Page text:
But the Snohomish County legislator said she is determined to curb the state’s reliance on “hidden foster care” — a practice that is not new but has drawn national scrutiny in recent years.
Legal scholars say when social workers offer parents under investigation of child maltreatment informal agreements to relinquish custody of their kids, they do so without the important guardrails that come with court supervision.
Columbia University law professor Josh Gupta-Kagan has been among the most outspoken critics of these arrangements, saying they lead to unnecessary family separations and parents agreeing to things under unfair coercion: the terrifying prospect of having their children taken into foster care.
Gupta-Kagan, who authored a landmark 2020 Stanford Law Review journal article on the use of hidden foster care across the nation, notes the power differential between the CPS worker — backed by the state — and the typically low-income, marginalized parents being investigated for maltreatment allegations with no legal representation or recourse.
“These agencies carry authority that no one else does — to literally destroy a family,” Gupta-Kagan said. “Any interaction they have with parents, even if they don’t make the threat of taking the child away explicit, it’s going to carry that coercion.”
Buoyed by local and national media reports, increased awareness of hidden foster care practices has prompted lawsuits in North Carolina, Washington, D.C. and New York, among other states. A handful of state legislatures have also considered bills to track and address the harms of hidden, or shadow foster care as it is sometimes called.
California passed legislation in 2021 to provide greater court oversight of some hidden foster care arrangements, but similarefforts that year in Maryland and Texas were unsuccessful. In this session, Houston state Rep. Lacey Hull (R) has reintroduced a bill that would limit the use of “parent child safety placements” by the Texas Department of Family and Protective Services to 30 days, and mandate legal representation for parents in those situations.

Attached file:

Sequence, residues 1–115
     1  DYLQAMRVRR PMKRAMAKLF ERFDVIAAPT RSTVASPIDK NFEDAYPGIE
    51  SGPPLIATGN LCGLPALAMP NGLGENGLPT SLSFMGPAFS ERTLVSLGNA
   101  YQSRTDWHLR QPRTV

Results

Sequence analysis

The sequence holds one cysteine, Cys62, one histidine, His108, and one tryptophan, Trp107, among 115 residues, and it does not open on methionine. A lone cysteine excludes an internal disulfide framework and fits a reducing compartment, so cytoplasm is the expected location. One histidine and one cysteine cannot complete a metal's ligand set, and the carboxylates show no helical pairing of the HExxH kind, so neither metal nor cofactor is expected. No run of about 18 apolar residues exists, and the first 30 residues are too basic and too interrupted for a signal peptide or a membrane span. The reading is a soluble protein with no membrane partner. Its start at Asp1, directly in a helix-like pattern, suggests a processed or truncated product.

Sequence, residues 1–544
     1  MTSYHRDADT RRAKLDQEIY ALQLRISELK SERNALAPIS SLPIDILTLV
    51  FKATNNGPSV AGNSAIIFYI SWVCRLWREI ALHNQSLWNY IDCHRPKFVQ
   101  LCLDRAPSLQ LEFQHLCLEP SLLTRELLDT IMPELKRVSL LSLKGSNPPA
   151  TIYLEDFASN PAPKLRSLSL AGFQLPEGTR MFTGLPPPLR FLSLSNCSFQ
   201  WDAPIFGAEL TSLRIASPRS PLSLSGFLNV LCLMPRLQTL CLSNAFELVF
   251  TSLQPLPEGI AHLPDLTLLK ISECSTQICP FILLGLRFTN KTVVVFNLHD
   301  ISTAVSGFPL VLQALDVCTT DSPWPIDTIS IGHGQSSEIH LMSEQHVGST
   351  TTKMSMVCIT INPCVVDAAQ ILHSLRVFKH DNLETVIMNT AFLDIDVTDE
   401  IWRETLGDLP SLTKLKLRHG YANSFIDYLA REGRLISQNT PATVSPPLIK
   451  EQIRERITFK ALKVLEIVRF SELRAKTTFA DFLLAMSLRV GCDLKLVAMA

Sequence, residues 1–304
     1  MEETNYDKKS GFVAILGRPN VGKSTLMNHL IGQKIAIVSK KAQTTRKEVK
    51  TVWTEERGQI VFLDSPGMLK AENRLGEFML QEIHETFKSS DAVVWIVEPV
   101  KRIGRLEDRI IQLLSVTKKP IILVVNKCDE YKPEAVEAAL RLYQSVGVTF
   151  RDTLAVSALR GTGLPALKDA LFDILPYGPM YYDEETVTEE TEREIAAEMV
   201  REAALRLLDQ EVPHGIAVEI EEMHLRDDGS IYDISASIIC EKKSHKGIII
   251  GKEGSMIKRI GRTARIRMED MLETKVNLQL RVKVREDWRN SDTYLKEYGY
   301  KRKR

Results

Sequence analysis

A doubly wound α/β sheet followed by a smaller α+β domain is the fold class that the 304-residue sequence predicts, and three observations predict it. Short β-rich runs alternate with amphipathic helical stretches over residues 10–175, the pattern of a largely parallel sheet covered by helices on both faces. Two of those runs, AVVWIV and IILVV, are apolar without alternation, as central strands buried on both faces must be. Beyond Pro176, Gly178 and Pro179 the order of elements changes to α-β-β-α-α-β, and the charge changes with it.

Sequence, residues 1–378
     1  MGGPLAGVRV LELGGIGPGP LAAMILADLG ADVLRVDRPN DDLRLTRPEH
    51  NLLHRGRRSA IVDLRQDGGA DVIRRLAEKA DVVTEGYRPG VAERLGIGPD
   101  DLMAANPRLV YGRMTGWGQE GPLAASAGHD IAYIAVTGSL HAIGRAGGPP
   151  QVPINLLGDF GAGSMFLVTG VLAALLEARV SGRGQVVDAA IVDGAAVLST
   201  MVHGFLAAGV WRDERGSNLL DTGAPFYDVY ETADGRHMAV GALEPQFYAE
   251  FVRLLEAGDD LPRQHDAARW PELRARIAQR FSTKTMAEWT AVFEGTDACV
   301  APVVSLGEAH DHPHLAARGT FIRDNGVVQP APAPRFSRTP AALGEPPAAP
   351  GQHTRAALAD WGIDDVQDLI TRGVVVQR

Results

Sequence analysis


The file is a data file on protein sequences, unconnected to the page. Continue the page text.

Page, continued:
Washington’s HB 1295 is backed by an advocacy group that aims to tackle racial disproportionality in the child welfare system and to reduce the number of children who enter foster care. Inspired by the national racial reckoning that followed the murder of George Floyd, the Keeping Families Together coalition also helped pass a pair of bills that raise the standards for removing children from their parents and make it more difficult to terminate parental rights. Rep. Ortiz-Self authored House Bill 1227 in 2021 and House Bill 1747 in 2022, both of which were signed into law.
“If we are going to sever family ties, we have to make sure that we do it because we absolutely have to,” Ortiz-Self said. “If there’s ever any other options, services, supports, guardians or family members that can step in and keep the family united, or help reunification, we have to take those chances.”
Tara Urs, an attorney with the King County Department of Public Defense and a member of the Keeping Families Together coalition, said there are times when voluntary placement agreements can be helpful. Some parents may want to temporarily place their children with a relative during a crisis, or to enter a drug treatment program, thus avoiding the lengthy process of a CPS court case.
But without a lawyer present during meetings with social workers, parents could relinquish their children when the state does not have enough evidence to file a child maltreatment petition to a judge, she said. Legal representation can also be essential to ensuring parents get access to the services and support they may need to keep the children safe.
“Every step that we can take to level the playing field for parents is important,” Urs said. “Given the extraordinary power disparity that comes with any CPS interaction, we can’t ever completely level it out — but to just tip the scales even the slightest bit closer to even is a helpful step in avoiding family separation.”